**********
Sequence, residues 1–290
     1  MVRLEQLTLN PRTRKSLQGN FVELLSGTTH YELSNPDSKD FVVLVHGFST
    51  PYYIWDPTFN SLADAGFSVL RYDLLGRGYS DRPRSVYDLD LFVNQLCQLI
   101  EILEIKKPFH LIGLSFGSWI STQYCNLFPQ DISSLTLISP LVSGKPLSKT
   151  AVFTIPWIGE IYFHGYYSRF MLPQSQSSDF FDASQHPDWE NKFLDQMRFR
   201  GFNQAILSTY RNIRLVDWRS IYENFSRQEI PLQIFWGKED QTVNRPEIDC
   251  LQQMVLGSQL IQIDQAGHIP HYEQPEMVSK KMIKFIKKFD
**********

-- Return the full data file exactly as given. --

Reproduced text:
Sequence, residues 1–290
     1  MVRLEQLTLN PRTRKSLQGN FVELLSGTTH YELSNPDSKD FVVLVHGFST
    51  PYYIWDPTFN SLADAGFSVL RYDLLGRGYS DRPRSVYDLD LFVNQLCQLI
   101  EILEIKKPFH LIGLSFGSWI STQYCNLFPQ DISSLTLISP LVSGKPLSKT
   151  AVFTIPWIGE IYFHGYYSRF MLPQSQSSDF FDASQHPDWE NKFLDQMRFR
   201  GFNQAILSTY RNIRLVDWRS IYENFSRQEI PLQIFWGKED QTVNRPEIDC
   251  LQQMVLGSQL IQIDQAGHIP HYEQPEMVSK KMIKFIKKFD